Recently something happened to me that doesn’t happen very often. At least, it doesn’t happen often any more, now that I’m twenty years into this thing we call teaching. I sat in a district-mandated professional development session and was completely engaged and challenged for the entire 90-minute session. I know…I was surprised too.

In fact, my colleague and collaborative teacher (another veteran) and I both walked away from the PD session excited to keep talking about the topic presented and figuring out how best to make it work in our classes.

And what was most surprising was the topic of the session wasn’t something new; it wasn’t a cool, flashy tech tool. In fact, it was something that has been around since teaching has existed, but I had never seen it used the way the presenter utilized it in her classroom. The topic was one-on-one learning conferences.

As an ELA teacher, I have used one-on-one writing conferences for years to give my middle and high school students focused feedback on their writing. However, the presenter of the PD session, former teacher turned author and educational consultant Starr Sackstein, was talking about using learning conferences for a larger purpose: she was using them to help her high school students set learning goals and, ultimately, determine their grades in her class. She showed us real video (shot on her cell phone) of learning conferences she had with students at strategic points in the year. Listening to her students express where they had grown in their learning and defend what their grade should be in the class made me realize I was only scratching the surface of the power of conferences in my classroom.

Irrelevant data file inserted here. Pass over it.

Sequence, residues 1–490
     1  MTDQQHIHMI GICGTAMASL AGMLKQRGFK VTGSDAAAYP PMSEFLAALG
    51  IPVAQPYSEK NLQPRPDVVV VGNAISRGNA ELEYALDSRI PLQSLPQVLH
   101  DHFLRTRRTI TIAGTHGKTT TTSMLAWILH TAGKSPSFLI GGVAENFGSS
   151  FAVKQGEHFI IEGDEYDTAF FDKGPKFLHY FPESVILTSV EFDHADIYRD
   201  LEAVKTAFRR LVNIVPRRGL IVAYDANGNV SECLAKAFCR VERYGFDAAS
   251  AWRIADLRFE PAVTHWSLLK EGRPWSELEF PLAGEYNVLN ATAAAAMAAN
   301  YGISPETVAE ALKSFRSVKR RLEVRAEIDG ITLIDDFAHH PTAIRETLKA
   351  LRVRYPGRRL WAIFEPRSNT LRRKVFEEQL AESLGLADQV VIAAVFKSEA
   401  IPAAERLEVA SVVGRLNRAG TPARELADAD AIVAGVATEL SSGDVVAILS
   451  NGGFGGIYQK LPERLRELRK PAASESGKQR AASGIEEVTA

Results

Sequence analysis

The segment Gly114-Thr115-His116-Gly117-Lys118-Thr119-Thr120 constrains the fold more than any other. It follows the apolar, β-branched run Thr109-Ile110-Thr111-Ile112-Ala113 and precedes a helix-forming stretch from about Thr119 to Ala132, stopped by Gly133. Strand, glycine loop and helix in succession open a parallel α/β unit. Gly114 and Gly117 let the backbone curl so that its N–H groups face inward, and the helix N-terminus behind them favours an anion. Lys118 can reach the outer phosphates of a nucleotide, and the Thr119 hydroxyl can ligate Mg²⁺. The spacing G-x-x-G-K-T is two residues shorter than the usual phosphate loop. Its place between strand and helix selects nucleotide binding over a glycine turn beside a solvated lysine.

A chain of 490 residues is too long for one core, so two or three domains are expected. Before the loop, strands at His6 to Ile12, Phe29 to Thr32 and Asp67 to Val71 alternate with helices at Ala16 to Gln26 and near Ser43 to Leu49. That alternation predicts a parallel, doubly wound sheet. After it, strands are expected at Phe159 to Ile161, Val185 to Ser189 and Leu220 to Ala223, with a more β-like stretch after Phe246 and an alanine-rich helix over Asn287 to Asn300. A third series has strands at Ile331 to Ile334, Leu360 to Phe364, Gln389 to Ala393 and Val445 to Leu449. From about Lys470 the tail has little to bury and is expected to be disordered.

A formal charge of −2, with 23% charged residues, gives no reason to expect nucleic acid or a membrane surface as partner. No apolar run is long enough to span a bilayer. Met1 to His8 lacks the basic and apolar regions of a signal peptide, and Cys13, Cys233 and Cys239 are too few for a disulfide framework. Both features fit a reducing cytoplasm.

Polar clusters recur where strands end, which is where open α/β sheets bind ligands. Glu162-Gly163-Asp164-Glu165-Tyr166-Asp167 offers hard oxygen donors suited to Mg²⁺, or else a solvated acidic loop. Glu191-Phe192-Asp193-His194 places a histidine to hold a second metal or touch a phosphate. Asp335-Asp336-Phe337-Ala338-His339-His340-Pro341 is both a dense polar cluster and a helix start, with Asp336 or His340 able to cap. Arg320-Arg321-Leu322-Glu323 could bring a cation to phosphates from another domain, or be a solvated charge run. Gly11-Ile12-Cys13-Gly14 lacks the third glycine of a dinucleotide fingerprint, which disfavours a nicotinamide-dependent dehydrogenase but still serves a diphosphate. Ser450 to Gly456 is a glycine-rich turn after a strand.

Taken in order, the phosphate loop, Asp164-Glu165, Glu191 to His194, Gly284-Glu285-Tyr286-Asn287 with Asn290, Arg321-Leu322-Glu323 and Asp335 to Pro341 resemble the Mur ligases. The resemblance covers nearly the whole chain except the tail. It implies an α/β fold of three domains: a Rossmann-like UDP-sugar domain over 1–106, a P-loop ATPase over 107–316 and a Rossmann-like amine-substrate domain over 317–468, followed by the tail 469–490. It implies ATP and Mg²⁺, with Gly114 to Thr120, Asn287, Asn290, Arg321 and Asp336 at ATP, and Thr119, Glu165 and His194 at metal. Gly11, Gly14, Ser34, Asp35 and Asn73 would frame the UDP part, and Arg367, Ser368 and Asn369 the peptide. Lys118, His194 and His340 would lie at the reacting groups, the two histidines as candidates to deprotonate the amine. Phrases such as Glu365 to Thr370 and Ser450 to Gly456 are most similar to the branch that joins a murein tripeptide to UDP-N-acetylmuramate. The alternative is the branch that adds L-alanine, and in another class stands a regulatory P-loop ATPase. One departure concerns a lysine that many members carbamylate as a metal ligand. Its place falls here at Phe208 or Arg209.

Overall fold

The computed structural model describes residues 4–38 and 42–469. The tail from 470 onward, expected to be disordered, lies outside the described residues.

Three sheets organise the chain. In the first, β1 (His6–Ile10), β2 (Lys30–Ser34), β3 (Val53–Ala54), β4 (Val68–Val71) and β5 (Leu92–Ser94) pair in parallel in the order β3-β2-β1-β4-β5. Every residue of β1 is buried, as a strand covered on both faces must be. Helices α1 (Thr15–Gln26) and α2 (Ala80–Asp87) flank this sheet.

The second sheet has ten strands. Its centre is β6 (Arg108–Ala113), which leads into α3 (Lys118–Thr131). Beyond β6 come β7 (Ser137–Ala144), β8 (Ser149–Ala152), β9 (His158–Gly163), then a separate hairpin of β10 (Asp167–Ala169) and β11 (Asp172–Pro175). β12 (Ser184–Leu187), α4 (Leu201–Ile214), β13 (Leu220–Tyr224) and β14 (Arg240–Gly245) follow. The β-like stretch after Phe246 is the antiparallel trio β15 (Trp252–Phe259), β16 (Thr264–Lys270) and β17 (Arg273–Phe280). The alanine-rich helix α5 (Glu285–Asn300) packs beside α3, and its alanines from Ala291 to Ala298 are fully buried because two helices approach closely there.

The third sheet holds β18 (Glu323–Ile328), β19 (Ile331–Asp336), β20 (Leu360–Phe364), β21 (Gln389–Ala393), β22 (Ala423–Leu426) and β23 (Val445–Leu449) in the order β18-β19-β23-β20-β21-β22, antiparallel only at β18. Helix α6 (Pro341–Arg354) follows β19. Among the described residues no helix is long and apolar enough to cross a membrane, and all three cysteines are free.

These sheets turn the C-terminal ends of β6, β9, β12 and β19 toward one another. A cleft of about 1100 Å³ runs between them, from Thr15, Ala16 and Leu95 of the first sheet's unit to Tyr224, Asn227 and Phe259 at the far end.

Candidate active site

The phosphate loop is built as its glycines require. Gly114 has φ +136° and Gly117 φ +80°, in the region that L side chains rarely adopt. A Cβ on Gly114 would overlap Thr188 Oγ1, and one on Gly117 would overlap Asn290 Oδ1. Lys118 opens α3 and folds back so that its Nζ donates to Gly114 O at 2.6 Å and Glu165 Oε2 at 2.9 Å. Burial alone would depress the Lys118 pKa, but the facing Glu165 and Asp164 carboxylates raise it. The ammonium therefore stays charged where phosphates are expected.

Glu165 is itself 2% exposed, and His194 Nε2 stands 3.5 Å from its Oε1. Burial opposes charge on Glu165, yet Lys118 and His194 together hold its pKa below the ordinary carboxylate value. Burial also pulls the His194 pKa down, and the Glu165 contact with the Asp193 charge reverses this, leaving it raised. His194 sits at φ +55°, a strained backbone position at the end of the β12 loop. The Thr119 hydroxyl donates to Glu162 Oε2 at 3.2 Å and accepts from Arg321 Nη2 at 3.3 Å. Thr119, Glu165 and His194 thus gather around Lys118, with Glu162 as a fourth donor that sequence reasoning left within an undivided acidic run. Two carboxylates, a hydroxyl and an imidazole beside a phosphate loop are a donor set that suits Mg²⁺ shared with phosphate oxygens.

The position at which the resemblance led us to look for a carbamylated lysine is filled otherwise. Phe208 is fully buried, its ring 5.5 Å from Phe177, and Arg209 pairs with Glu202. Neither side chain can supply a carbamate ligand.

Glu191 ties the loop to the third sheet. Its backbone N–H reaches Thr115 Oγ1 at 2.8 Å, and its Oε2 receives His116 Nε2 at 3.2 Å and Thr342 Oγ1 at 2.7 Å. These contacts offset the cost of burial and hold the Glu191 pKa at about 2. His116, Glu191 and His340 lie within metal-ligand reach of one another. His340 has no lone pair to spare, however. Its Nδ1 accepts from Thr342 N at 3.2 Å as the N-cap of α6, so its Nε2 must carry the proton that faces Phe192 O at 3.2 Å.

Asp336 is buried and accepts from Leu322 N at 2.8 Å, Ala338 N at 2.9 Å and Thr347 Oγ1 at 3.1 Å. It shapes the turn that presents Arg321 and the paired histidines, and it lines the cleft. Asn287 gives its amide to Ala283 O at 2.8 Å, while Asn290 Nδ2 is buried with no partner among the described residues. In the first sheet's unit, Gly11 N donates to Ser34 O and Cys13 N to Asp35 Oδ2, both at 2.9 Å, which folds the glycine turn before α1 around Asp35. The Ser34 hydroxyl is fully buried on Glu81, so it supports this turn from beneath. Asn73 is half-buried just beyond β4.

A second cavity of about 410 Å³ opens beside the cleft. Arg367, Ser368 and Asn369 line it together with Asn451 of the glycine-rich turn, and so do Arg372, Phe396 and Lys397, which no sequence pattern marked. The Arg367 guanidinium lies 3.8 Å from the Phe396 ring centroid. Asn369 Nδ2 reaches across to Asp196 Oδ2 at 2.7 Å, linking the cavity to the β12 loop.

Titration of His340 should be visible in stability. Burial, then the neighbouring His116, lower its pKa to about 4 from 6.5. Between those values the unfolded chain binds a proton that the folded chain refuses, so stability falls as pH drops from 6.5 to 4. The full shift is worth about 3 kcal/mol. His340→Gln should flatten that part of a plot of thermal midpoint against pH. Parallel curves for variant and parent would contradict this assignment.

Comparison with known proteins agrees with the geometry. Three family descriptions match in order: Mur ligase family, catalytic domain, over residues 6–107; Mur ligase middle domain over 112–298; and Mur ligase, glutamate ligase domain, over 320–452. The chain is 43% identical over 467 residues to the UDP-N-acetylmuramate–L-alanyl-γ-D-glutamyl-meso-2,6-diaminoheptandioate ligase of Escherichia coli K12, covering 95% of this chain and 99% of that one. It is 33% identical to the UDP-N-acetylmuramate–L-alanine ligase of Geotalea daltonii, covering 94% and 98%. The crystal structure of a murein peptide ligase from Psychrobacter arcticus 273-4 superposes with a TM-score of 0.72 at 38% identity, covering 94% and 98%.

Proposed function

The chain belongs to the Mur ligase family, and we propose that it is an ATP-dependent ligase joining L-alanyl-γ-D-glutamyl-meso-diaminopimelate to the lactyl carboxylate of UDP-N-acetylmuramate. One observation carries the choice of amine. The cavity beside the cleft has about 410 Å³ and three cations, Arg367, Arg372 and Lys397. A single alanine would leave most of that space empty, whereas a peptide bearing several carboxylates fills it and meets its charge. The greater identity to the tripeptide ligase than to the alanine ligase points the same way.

So today, I want to do a deep dive into this old yet powerful strategy and consider the ways it can be used, look at the benefits for teachers and students, and address the real challenges to making it work in the classroom.

Types of Conferences

To begin, it’s important to first understand the various types of learning conferences, which are determined by the purpose at the heart of the conference. As I stated previously, I was using writing conferences to give focused feedback to students, and I’m not alone because the feedback conference is the most common type of learning conference used by teachers at all grade levels.

As the purpose of a conference grows broader to helping students reflect on their learning and set goals, it becomes a reflection conference. Starr Sackstein’s conferences, where students were in deep conversation about their progress toward standards, their level of mastery, and, ultimately, what their grades should be is a mastery conference. Educator and author John Spencer neatly broke down these three types of conferences in the chart below.one on one conferences chartImage credit

If you are new to learning conferences, it’s best to start simply with short feedback conferences relating to a specific assessment, project or set of skills. As you figure out a conferencing process that works for you, you can slowly start to incorporate reflection or mastery conferences into your classroom, depending on the specific standards and grading policies in your school.

Benefits of Learning Conferences

No matter which type of learning conference you use in your classroom, the benefits are abundant and well documented. First, conferences empower students to have a say in their own learning. In his 2012 book Visible Learning for Teachers, researcher John Hattie synthesized the results of multiple studies from around the world and found that teachers talk at students 70-80% of class time. Conferences are a rare time when teachers can ask key questions and listen to individual students rather than doing the talking. If conferences are paired with students building a portfolio of their work, then students can track their growth from conference to conference and reference their work as evidence of their growth.